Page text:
44. Kanan Makiya, the author of ‘Republic of Fear” was one of those who argued for a liberation of Iraq, was he wrong to do so, Wolfowitz, whose opposition to corrupt oligarchs on at least two continents from the 1980s on, from Chile to the Phillipines, ultimately led to his removal from the World Bank was for the invasion. He saw the Baath as an obstacle, the perpetrators of the Anfal against the Kurds, other actions against the Shia.

    State who put two of the figures involved in Iraq at the time of the Anfal, Bodine and Eagleton, in their transitional authority, wanted the closest thing to an oligarch, Adnan Pachachi, the dinosaur of pre Baath politics, last seen in now Ambassador Oren’s book, arguing for the resolutions that checkmated Israel’s victory
    in the ’67 war. the late Ambassador Hume Horan, having seen what
    happens in Arabia and the Sudan, was also in favor of the operation

  45. @ Scott Miller:

    I was equating “attitude” with consciousness. My “attitude didn’t help” was your specific point. You were right. By extending that into a broader concept I lost you. Sorry. But as it always is with everyone, your attitude was involved. In this case, it didn’t help you roll with what I was getting at, even though your “I can imagine contexts in which I would agree with it, and others in which I would disagree” statement is evidence that you did at least understand me. In the future, how about we try to roll with each other’s points a bit more? I think it would lead to better dialogue.

    As a practical matter, I don’t know what any of this means. I can imagine contexts in which I would agee with it, and others in which I would disagree. I’m unclear which of these imaginary contexts is relevant.

  46. bob wrote:

    As a practical matter, I don’t know what any of this means. I can imagine contexts in which I would agee with it, and others in which I would disagree. I’m unclear which of these imaginary contexts is relevant.

    Good one, Bob. I’ll keep rolling with you.

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Noted & Quoted

TV pundits and op-ed writers of every major newspaper epitomize how the Democratic establishment has already reached a consensus: the 2020 nominee must be a centrist, a Joe Biden, Cory Booker or Kamala Harris–type, preferably. They say that Joe Biden should "run because [his] populist image fits the Democrats’ most successful political strategy of the past generation" (David Leonhardt, New York Times), and though Biden "would be far from an ideal president," he "looks most like the person who could beat Trump" (David Ignatius, Washington Post). Likewise, the same elite pundit class is working overtime to torpedo left-Democratic candidates like Sanders.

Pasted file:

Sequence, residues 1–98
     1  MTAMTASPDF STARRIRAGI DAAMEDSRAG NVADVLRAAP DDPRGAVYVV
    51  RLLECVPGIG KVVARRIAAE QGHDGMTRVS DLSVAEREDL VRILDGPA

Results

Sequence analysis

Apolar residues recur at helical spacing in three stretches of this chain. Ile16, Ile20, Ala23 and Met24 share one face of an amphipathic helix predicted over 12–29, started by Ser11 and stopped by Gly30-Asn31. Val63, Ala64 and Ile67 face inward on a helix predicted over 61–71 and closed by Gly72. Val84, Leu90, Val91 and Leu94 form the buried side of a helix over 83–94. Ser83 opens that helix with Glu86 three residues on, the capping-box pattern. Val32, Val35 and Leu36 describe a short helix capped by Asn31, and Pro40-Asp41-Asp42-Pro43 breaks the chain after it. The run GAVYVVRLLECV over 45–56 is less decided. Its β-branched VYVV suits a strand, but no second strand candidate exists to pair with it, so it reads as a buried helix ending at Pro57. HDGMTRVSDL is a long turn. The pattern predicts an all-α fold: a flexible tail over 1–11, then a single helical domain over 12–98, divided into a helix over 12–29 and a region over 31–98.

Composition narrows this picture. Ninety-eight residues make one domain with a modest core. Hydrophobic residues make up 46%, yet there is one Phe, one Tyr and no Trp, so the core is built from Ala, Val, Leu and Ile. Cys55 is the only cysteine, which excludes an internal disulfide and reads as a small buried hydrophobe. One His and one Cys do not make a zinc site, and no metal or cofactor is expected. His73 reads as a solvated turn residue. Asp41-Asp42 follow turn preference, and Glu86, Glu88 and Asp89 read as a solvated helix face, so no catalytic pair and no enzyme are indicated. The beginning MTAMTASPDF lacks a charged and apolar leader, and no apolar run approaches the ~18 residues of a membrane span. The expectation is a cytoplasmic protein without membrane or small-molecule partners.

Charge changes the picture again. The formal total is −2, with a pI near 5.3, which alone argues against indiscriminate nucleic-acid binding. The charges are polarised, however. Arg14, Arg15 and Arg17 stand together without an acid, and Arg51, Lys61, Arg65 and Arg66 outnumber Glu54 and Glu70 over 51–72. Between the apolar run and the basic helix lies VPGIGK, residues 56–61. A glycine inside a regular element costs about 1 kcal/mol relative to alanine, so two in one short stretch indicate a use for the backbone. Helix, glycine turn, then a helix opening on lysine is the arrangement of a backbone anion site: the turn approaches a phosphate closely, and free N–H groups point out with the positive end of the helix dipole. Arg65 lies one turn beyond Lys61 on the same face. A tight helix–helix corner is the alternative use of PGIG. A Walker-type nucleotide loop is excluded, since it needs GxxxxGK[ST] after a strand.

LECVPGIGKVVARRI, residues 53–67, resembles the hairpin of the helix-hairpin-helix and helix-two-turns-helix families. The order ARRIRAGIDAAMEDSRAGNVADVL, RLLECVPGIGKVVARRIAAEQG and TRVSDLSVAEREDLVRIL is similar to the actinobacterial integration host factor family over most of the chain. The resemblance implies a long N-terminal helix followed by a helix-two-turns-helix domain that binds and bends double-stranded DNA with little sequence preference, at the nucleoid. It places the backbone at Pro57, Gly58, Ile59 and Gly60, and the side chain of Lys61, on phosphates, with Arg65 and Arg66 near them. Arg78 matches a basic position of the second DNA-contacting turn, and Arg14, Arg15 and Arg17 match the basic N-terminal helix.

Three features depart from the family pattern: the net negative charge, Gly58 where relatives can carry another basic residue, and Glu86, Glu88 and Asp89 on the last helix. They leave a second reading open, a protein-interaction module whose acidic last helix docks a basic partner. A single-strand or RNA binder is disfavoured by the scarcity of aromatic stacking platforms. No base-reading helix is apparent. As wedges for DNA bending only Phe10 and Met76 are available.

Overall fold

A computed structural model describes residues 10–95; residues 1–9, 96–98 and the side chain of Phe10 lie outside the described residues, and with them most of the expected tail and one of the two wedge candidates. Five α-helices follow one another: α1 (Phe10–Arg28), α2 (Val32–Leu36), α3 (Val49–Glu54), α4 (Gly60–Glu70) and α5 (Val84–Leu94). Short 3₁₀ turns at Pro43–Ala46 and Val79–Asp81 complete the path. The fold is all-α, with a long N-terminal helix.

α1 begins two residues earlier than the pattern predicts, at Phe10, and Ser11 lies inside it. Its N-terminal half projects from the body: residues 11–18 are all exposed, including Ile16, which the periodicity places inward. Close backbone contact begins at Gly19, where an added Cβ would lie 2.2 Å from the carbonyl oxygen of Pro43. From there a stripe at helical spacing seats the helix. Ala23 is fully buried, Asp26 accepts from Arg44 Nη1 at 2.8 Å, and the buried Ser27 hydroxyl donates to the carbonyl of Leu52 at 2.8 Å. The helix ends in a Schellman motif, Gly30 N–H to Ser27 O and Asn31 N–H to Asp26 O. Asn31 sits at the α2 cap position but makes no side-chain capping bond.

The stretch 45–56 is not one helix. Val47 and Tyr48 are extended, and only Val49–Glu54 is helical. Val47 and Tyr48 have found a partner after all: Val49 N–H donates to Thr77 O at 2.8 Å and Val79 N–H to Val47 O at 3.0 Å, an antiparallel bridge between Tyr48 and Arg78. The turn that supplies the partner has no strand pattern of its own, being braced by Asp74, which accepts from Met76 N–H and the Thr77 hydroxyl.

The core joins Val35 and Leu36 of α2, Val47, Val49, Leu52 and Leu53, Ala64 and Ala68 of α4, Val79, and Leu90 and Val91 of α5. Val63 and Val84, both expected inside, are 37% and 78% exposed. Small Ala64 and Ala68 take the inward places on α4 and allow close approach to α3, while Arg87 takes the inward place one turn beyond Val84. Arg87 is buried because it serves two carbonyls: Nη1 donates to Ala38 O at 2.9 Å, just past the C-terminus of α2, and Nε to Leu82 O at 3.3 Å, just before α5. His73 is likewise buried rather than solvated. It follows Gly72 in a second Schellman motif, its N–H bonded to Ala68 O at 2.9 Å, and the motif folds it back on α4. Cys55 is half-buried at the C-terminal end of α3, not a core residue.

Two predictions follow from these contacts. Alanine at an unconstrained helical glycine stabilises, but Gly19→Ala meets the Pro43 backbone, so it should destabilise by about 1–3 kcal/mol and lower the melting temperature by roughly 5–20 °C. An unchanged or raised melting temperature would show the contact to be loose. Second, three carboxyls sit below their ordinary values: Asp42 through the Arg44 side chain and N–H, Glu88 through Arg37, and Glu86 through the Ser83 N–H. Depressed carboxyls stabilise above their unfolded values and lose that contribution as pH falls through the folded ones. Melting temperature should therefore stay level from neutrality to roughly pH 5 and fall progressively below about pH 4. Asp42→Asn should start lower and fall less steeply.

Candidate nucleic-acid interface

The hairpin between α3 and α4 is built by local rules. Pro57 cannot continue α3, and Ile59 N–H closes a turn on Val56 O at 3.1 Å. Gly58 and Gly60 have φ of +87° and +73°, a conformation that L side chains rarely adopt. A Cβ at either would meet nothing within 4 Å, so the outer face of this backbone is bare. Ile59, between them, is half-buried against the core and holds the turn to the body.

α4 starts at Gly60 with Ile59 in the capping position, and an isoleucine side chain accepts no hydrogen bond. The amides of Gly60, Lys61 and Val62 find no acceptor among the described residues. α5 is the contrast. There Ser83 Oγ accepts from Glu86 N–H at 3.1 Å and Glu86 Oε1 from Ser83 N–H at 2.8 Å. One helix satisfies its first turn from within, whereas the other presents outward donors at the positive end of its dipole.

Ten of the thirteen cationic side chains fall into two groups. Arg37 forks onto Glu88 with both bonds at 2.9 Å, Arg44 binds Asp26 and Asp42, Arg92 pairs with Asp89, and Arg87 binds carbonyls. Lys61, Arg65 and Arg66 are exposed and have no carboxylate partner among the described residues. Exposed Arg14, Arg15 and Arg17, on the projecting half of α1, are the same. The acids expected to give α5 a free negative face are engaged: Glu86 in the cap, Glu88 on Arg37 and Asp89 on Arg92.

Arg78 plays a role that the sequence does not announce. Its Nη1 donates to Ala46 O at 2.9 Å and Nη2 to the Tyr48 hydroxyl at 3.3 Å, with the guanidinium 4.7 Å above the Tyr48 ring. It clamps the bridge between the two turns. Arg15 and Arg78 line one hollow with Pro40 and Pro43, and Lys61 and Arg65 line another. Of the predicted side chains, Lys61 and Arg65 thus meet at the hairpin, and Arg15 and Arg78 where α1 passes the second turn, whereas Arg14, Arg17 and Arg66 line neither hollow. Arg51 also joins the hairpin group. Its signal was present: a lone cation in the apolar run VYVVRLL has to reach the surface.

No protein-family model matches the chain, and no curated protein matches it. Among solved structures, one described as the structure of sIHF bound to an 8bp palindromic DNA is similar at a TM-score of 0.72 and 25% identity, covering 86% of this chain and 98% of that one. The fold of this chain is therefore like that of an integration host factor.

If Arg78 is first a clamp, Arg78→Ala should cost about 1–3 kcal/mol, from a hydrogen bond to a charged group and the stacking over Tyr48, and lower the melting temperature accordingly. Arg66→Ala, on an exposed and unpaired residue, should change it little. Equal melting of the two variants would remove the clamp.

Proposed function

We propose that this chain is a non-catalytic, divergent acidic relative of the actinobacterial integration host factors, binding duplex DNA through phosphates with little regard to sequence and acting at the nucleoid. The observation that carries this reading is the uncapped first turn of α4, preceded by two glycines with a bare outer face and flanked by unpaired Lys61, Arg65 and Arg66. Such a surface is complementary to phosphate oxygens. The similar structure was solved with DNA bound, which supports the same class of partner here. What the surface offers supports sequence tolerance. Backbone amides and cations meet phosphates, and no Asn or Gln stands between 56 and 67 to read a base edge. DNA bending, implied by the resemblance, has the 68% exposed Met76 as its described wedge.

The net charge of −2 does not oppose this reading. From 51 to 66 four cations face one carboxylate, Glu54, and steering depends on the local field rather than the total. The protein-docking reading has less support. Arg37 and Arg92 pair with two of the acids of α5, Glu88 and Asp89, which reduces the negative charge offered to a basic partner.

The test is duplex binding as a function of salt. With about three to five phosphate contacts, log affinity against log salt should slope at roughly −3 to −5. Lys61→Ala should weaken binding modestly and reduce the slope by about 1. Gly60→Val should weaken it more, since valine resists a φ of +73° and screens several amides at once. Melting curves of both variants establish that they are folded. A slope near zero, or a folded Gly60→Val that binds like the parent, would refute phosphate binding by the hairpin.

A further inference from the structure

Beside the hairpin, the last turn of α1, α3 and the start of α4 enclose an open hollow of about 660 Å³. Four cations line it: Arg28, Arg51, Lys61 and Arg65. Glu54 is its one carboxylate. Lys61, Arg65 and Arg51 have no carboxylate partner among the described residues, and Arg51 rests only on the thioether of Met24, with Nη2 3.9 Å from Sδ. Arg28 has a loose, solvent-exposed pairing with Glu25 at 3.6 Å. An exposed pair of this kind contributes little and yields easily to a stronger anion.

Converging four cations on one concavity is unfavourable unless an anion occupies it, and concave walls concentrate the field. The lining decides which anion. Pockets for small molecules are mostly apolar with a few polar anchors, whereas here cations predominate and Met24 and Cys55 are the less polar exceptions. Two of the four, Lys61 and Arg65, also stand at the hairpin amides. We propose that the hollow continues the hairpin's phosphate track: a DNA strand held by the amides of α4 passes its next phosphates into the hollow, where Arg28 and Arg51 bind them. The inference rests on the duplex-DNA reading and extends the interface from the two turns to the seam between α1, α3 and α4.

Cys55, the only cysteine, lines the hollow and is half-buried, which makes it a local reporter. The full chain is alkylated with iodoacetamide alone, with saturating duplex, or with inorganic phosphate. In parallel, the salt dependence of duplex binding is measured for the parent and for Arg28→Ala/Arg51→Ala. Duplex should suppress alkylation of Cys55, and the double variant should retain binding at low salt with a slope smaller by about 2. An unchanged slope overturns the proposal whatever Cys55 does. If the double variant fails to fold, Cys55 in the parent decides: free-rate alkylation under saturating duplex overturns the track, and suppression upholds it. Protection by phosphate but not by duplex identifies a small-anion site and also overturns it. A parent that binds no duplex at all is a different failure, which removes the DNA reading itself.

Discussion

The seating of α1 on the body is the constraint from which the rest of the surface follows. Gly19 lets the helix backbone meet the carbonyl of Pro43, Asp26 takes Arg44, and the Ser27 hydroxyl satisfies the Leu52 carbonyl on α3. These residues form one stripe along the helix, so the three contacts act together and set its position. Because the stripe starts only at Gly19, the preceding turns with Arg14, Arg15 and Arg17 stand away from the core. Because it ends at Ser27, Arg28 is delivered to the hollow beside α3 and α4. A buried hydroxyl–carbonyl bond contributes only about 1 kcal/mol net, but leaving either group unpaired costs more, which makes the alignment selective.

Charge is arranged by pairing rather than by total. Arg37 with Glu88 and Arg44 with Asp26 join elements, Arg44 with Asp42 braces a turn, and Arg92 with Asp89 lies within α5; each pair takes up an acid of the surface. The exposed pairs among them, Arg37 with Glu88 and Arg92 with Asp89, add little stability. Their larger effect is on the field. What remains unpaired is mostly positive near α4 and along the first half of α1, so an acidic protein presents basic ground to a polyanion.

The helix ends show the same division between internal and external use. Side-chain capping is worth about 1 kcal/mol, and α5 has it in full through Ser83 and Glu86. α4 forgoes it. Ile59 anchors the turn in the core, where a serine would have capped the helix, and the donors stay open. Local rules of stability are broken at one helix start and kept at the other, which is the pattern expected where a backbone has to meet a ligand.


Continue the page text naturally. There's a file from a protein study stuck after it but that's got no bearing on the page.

For someone who was not acquainted with Piketty's paper, the argument for a centrist Democrat might sound compelling. If the country has tilted to the right, should we elect a candidate closer to the middle than the fringe? If the electorate resembles a left-to-right line, and each voter has a bracketed range of acceptability in which they vote, this would make perfect sense. The only problem is that it doesn't work like that, as Piketty shows.

The reason is that nominating centrist Democrats who don't speak to class issues will result in a great swathe of voters simply not voting. Conversely, right-wing candidates who speak to class issues, but who do so by harnessing a false consciousness — i.e. blaming immigrants and minorities for capitalism's ills, rather than capitalists — will win those same voters who would have voted for a more class-conscious left candidate. Piketty calls this a "bifurcated" voting situation, meaning many voters will connect either with far-right xenophobic nationalists or left-egalitarian internationalists, but perhaps nothing in-between.

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Understanding Trump’s charisma offers important clues to understanding the problems that the Democrats need to address. Most important, the Democratic candidate must convey a sense that he or she will fulfil the promise of 2008: not piecemeal reform but a genuine, full-scale change in America’s way of thinking. It’s also crucial to recognise that, like Britain, America is at a turning point and must go in one direction or another. Finally, the candidate must speak to Americans’ sense of self-respect linked to social justice and inclusion. While Weber’s analysis of charisma arose from the German situation, it has special relevance to the United States of America, the first mass democracy, whose Constitution invented the institution of the presidency as a recognition of the indispensable role that unique individuals play in history.

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[E]ven Fox didn’t tout Bartiromo’s big scoops on Trump’s legislative agenda, because 10 months into the Trump presidency, nobody is so foolish as to believe that him saying, “We’re doing a big infrastructure bill,” means that the Trump administration is, in fact, doing a big infrastructure bill. The president just mouths off at turns ignorantly and dishonestly, and nobody pays much attention to it unless he says something unusually inflammatory.On some level, it’s a little bit funny. On another level, Puerto Rico is still languishing in the dark without power (and in many cases without safe drinking water) with no end in sight. Trump is less popular at this point in his administration than any previous president despite a generally benign economic climate, and shows no sign of changing course. Perhaps it will all work out for the best, and someday we’ll look back and chuckle about the time when we had a president who didn’t know anything about anything that was happening and could never be counted on to make coherent, factual statements on any subject. But traditionally, we haven’t elected presidents like that — for what have always seemed like pretty good reasons — and the risks of compounding disaster are still very much out there.